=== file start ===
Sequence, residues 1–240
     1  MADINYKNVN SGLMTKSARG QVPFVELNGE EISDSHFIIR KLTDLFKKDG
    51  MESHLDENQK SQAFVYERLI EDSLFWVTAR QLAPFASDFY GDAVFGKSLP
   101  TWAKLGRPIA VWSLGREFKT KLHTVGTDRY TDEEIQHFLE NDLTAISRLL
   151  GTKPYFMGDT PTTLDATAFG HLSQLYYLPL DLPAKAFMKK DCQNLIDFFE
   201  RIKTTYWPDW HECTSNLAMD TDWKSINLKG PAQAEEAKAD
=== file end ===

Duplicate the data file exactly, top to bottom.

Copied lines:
Sequence, residues 1–240
     1  MADINYKNVN SGLMTKSARG QVPFVELNGE EISDSHFIIR KLTDLFKKDG
    51  MESHLDENQK SQAFVYERLI EDSLFWVTAR QLAPFASDFY GDAVFGKSLP
   101  TWAKLGRPIA VWSLGREFKT KLHTVGTDRY TDEEIQHFLE NDLTAISRLL
   151  GTKPYFMGDT PTTLDATAFG HLSQLYYLPL DLPAKAFMKK DCQNLIDFFE
   201  RIKTTYWPDW HECTSNLAMD TDWKSINLKG PAQAEEAKAD